As promised here is part 2 of your guide on how to have a difficult conversation. In review, Step 1 is: Make sure the reason for the conversation is more about YOU than about them. Step 2: Decide what is the result you want at the end of this conversation. Step 3: Coach Yourself. Remember, if we want to have real and authentic relationships, having these conversations are essential and this will help you have a template to work from.
Step 4: Plan out your talking points (starting with a cushion can help)
It is very helpful to plan out some main talking points that you want to cover before you go into the conversation especially if you predict that there may be some emotions that come up. I like to start off with a little cushion that sounds something like “Listen, I need to have a talk with you, and I believe that this may be hard to hear, and it is hard for me to discuss, but I care about our relationship enough to talk it through” this sets a nice tone and gives permission to launch into the discussion.
It is also important to lead with facts and to be as specific as possible. If I were to have a conversation with someone at work, it is not helpful to tell them, they are being unprofessional, or disrespectful. It’s more productive to to give specific examples of when they came in to meetings late or made comments that you found to be unprofessional for example. Lead with the facts, and this will help lessen some of the drama that may arise. Do not assume that they know what upsets you, or what you find unprofessional, or unacceptable.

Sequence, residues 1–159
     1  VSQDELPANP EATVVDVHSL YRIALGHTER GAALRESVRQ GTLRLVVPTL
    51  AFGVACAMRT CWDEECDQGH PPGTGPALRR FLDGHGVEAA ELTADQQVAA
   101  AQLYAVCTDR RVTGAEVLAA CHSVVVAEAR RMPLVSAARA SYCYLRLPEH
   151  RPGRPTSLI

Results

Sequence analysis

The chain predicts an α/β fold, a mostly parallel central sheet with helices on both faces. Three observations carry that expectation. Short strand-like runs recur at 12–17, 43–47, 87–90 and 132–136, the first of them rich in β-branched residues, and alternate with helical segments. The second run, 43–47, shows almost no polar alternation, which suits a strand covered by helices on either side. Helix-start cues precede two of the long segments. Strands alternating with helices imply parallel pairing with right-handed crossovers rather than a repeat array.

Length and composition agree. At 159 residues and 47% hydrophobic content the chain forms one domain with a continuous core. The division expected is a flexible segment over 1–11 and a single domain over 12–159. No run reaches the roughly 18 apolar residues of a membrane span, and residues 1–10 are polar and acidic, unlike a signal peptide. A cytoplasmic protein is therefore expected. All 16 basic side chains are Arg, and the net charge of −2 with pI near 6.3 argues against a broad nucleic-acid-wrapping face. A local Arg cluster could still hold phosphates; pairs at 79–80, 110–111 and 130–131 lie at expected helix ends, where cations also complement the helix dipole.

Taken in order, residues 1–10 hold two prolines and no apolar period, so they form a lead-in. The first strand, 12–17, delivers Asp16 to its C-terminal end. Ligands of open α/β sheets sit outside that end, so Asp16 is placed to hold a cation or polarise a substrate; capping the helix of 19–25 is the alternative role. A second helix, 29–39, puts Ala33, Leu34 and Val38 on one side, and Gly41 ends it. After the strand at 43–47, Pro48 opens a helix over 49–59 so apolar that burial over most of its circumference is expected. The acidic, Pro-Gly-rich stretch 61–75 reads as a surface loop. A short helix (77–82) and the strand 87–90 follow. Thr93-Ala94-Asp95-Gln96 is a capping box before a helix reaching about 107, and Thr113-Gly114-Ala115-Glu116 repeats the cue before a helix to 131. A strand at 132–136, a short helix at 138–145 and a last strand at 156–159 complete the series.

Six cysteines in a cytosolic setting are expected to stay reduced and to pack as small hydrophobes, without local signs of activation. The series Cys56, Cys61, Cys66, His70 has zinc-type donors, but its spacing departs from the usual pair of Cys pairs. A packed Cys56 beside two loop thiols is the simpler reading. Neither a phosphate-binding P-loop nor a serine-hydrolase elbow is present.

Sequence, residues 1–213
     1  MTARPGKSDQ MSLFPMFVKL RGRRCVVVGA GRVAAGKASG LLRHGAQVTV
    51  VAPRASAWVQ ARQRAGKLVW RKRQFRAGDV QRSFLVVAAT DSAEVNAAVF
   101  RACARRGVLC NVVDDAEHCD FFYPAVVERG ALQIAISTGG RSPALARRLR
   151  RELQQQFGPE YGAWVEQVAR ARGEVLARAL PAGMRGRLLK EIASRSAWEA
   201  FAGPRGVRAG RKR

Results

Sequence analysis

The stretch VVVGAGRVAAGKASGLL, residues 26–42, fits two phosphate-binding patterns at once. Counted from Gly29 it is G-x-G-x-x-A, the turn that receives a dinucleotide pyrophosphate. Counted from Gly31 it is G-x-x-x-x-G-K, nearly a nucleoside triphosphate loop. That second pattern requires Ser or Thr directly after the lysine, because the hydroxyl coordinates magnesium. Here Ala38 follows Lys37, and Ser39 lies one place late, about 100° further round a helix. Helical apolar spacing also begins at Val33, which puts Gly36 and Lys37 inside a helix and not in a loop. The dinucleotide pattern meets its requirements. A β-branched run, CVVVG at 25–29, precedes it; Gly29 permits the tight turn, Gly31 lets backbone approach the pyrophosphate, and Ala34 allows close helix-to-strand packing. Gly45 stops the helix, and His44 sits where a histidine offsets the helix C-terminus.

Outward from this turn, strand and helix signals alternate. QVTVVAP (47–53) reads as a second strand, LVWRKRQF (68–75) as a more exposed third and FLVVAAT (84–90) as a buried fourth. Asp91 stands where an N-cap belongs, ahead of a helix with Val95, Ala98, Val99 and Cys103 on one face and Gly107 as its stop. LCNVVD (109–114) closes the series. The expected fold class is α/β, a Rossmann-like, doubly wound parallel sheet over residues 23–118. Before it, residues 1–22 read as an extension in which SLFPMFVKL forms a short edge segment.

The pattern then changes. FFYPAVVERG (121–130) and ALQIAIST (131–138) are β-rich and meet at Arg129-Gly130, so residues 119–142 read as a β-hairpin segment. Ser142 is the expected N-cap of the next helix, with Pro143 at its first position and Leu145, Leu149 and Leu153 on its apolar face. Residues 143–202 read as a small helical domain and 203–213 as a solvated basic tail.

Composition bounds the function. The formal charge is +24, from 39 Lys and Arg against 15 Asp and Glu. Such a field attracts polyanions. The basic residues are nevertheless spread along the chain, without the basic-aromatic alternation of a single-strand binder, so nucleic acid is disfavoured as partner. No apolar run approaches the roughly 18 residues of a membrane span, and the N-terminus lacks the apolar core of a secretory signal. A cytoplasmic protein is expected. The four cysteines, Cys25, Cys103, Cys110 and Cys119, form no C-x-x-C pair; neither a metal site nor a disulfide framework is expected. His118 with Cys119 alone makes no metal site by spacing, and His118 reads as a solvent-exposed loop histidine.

Be ready to listen to them with openness. Curiosity can really help here. I often say, “Help me understand why you have been coming in late several times a week, or “I want to know what is going on for you”. It helps the person on the other side be less defensive and can feel like you are giving them the benefit of the doubt while still bringing up the issue in question.
Step 5: Practice what you will say
Once you have your main talking points written down and your proper mindset in place, then I recommend either by yourself, or with a trusted partner or friend, practice what you have planned. You are less likely to get thrown off topic, if you have rehearsed what you want to cover ahead of time. Role play possible responses as well.
Step 6: Have the difficult conversation! JUST DO IT!
If you follow these steps, you will have everything you’ll need to be successful. This doesn’t mean it will be easy, or they won’t get upset, but you can trust and be proud of yourself for showing up for yourself and this relationship in the most meaningful way possible. Observe their reactions, don’t absorb them and when it is over pat yourself on the back for being willing to communicate in this way.
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